Less than two weeks after the bombing of the Boston Marathon, details are still emerging about whether U.S. intel agencies, specifically the FBI, were on the job and whether Tamerlan Tsarnaev slipped through an inefficient web of overlapping and confusing jurisdictions -- despite billions of U.S. dollars funding multiple intel organizations and a significant erosion of the country's once cherished Bill of Rights.
According to the president's 2013 budget request, $52.6 billion will fund the National Intelligence Program which will be spread to include intel programs at the CIA, FBI, Pentagon and Departments of Homeland Security, State and Justice. This is not to say that those agencies will not receive additional funding directly through its own budget process with, for instance, the Department of Homeland Security receiving $68.9 billion in 2013 which will trickle $4 billion down to the FBI for its domestic counter-terror efforts.
So which agencies knew what and when did they know it? Here's where it gets really thought-provoking:
- For starters, with a House Homeland Security Committee hearing pending, the public might be interested to know how a wounded 19-year-old with no real resources at his disposal eluded the world's greatest military arsenal and an estimated force of 9,000 law enforcement officers for almost 24 hours, much of it in broad daylight. The Associated Press quoted two unnamed officials that Dzhokhar Tsarnaev was unarmed when he was apprehended thereby removing the need for armed SWAT team house-to-house searches.
- Almost immediately, the Senate Intelligence Committee held a closed door hearing with the FBI after which Sen. Richard Burr (R-NC) emerged stating that the FBI confirmed 'multiple' contacts with Tamerlan Tsarnaev. The FBI is still standing by its earlier version that it interviewed the older brother once prior to his 2012 trip to Russia.
- Sen. Burr's comments lend some credence to what Zubeidat Tsarnaev, the mother of Tamerlan and Dzhokhar, has been saying for days -- that the FBI visited her oldest son on multiple occasions and even visited her. NBC is now reporting that the FBI also visited "members of the Tsarnaev 'family' -- presumably confirming some of her earlier assertions.
- On April 18, the FBI released a video of two young men whose identity remained a mystery. The FBI said they needed the public's help in identifying the two men in question yet we now know that the FBI knew at least Tamerlan, the older son from interview(s) in 2011. How is it that no one at the FBI, presumably the agents who conducted the interview(s), trained to be more observant than the average citizen, did not recognize Tamerlan?
- CBS is now reporting that the CIA requested the addition of Tamerlan's name to the TIDE database 18 months ago after being contacted by Russian authorities (who had earlier contacted the FBI) due to what they perceived to be his association with Chechen terrorists. The elder Tsarnaev's name was added to the classified "Terrorist Identities Datamart Environment" list of "suspected terrorists" which includes approximately half a million Americans.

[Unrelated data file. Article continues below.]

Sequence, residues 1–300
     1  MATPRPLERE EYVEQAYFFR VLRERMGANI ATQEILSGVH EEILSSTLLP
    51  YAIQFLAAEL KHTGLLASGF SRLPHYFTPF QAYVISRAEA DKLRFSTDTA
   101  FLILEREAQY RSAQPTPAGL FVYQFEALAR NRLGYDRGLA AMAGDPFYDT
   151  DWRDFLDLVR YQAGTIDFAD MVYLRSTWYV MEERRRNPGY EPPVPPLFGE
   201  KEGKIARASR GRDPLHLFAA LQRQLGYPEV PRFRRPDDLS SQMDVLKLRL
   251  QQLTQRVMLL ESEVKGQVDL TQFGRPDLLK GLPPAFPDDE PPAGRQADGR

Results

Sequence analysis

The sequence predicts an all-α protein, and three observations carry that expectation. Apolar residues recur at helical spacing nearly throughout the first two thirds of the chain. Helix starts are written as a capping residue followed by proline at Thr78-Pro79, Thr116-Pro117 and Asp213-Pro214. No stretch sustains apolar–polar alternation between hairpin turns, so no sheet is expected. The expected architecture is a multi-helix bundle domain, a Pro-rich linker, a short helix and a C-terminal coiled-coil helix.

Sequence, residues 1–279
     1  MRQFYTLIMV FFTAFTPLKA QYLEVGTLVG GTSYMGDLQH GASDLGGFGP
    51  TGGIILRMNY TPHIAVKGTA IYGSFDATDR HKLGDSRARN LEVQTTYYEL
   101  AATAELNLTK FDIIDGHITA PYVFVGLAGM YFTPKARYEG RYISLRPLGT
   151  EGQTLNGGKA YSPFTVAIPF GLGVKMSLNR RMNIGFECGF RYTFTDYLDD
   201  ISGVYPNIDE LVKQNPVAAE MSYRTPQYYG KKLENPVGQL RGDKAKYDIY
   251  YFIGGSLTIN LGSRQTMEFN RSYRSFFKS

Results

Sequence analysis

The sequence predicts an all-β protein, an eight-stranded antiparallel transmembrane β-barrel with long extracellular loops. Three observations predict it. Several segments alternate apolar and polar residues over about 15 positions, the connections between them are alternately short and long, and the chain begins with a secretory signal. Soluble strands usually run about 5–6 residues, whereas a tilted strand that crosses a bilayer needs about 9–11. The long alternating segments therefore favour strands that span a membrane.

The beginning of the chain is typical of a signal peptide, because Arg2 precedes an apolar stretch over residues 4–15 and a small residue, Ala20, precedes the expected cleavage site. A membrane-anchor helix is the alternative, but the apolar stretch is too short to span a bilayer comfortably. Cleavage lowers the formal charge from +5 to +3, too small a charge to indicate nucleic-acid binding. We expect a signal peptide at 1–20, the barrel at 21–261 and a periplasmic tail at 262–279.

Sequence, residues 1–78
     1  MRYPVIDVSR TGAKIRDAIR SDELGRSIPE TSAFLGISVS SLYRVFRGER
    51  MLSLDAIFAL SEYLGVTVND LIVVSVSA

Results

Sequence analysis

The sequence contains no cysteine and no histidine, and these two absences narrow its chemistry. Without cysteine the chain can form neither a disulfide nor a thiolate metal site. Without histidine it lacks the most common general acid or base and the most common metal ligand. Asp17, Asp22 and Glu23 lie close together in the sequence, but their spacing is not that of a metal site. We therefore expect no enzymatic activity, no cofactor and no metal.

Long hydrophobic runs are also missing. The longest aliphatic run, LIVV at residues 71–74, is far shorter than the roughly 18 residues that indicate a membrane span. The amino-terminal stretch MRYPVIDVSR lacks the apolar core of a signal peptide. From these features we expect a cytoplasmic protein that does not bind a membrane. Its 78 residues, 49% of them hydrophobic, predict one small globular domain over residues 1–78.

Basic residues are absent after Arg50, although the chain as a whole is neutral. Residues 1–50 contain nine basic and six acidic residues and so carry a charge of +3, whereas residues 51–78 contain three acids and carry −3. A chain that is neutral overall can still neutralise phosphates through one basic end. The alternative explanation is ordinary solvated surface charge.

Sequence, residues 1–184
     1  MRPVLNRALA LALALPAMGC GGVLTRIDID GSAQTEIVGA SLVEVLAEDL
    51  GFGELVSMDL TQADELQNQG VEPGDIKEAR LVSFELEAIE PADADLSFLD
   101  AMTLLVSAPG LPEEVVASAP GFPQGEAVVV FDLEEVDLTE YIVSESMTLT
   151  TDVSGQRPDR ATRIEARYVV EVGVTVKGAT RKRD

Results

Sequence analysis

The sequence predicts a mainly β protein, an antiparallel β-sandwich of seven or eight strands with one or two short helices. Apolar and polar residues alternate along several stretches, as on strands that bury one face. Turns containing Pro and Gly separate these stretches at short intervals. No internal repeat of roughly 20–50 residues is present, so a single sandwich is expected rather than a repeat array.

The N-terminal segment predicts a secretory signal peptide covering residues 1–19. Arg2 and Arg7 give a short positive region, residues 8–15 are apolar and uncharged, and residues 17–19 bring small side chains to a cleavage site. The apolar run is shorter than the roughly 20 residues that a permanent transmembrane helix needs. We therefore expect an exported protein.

- Despite earlier denials by the FBI that they did not know the Tsarnaev brothers and then later confirming that they had interviewed Tamerlan in 2011 without any follow-up and that they did not catch his trip to Russia in 2012 because his name was misspelled yet Janet Napolitano testified before the Senate Judiciary Committee on April 23 that the Homeland Security system 'pinged' when Tamerlan left for Russia in January, 2012. The misspelling of Tamerlan's name may be indicative of competing databases since presumably once a name is in the system, it is in the system or perhaps the relevant agencies have not integrated their procedures.
Meanwhile, a New York Times editorial of Aug. 22 entitled "How to Handle a Terrorism Case" cited the "superb civilian police work" that led to the capture of Defendant Tsarnaev -- but failed to mention one word about the Boston lockdown or violations of the Fourth Amendment by the house-to-house searches as if they had never occurred. The editorial goes on to warn of allowing "raw emotions associated with a terrorism case to trample on the American system of justice."
During the FBI's 'public safety' interrogation before the Miranda rights were read, Dzhokhar Tsarnaev clearly identified the reason for their attack at the marathon. It came as no surprise that their opposition to U.S .foreign policy in Afghanistan and Iraq and its brutal assaults on Islam would be motivating factors.
As the corporate media and its indentured politicians continue their simplistic thinking and bombastic rhetoric to divert attention from the root cause of terrorism, Vice President Biden's recent speech at a memorial service in Boston did little to encourage healing or bring comfort to a traumatized community. Instead the vice president chose to inflame the passions of hate, vengeance and misunderstanding as if to throw down the gauntlet when he suggested:
"Why? people say to me, for they surely know they can never defeat us, they can never overthrow us, they can never occupy us. So why? Why? Whether it's al Qaeda central out of the Fatah, or two twisted, perverted, cowardly, knock-off jihadis here in Boston. Why do they do what they do? They do it to instill fear, to have us -- in the name of our safety and security -- jettison what we value most, and the world most values about us: our open society, our system of justice that guarantees freedom, the access of all Americans to opportunity, the free flow of information and people across this country, our transparency, that's their target."
Let's hope al-Qaeda and the Taliban were not listening...